Counterargument: The notion that diversity and quality are mutually exclusive is a false dichotomy. Diversity is not about quotas or tokenism; it is about recognising that society is made up of diverse individuals with unique contributions to offer.

Excuse: “There are simply not enough female experts in my field.
Counterargument: This excuse is simply not true. There are many ways to reach out to women experts, such as using social media, attending women’s conferences, and working with organisations that connect journalists with women experts.

Excuse: Women’s opinions are not as strong as men’s voices on important topics.”
Counterargument: This stereotype is harmful and untrue. Women are just as capable of providing strong and authoritative commentary as men. Hearing women’s perspectives is essential to understanding the world around us, as they bring valuable insights and perspectives to a wide range of issues, enhancing the quality and relevance of information for audiences.

Excuse: Cultivating women sources is hard and takes too much time.”
Counterargument: Cultivating relationships with sources is an integral part of journalism, and cultivating relationships with women sources is no exception. While this may require additional time and effort to establish these connections, the value of women’s insights and perspectives far outweighs the initial investment.

Excuse: Women are afraid of backlash.
Counterargument: It is understandable that women might be afraid to speak up in the media, especially if they have been subjected to harassment or abuse in the past. However, journalists should not let this fear prevent them from including women’s voices in their coverage. There are many ways to support women who speak up to the media, such as offering to protect their identities or providing them with resources to deal with potential backlash.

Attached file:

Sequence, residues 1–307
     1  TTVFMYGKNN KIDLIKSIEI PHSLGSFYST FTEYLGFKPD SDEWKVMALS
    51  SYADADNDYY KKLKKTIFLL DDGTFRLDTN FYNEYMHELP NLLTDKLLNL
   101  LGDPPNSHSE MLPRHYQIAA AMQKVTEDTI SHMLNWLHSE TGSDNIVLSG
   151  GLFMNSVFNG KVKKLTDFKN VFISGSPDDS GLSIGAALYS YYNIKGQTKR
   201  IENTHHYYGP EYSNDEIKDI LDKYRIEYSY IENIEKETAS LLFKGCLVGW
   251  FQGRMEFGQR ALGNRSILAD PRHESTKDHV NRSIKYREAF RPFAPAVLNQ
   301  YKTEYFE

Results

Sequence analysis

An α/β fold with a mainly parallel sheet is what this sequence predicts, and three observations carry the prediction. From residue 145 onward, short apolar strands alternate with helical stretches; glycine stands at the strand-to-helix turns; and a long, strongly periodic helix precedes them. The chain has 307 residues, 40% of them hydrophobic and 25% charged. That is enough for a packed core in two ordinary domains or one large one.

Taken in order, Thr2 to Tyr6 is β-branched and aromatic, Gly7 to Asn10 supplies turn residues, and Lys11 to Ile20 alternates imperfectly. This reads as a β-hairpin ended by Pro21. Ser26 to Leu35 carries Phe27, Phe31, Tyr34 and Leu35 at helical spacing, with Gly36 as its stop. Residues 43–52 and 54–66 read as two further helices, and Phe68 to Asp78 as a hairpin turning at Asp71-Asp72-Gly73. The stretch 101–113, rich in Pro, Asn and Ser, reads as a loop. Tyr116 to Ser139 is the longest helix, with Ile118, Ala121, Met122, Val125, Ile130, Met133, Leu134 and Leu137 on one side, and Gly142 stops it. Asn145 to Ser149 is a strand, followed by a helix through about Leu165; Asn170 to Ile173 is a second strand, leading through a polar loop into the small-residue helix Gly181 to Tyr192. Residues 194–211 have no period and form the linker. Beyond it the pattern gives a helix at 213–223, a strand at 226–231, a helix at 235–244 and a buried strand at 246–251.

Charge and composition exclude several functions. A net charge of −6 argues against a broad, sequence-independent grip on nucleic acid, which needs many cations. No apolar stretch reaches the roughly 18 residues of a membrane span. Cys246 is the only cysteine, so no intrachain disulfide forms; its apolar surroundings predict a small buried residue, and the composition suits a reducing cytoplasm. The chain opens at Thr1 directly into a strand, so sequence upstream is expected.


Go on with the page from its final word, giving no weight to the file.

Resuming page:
Excuse: I have tried to get women to engage with the media, but it is difficult, so I gave up.
Counterargument: Journalists should not give up on trying to include women’s voices in their coverage. There are many resources available to help journalists find and interview women, and there are many women who are eager to share their stories. Journalists should be persistent and resourceful, and they should not give up on their efforts to include women’s voices in the media.

Excuse:This diversity agenda is driven by external forces and doesn’t resonate with our audience’s preferences or needs.
Counterargument: While audience preferences are important, journalism’s core responsibility lies in accurately reflecting the world as it is, not simply catering to pre-existing biases or comfort zones. Diversity is not an “agenda” but a fundamental aspect of reality itself. Furthermore, audiences are not monolithic. Assuming a static preference for homogeneity ignores the diverse interests and needs within any population. To truly serve our audience, we must strive for accuracy and inclusivity, ensuring that the stories we tell represent the world in its entirety, not just a selective fragment.

ACME Mwalimu

The African Centre for Media Excellence's training unit, known as ACME Mwalimu, scours news platforms and online resources to curate the best training tips and resources for journalists and media organisations, empowering them to become impactful contributors to public debate and development. If you have a training tip or question, you can reach out to ACME Mwalimu at training[at]acme-ug.org.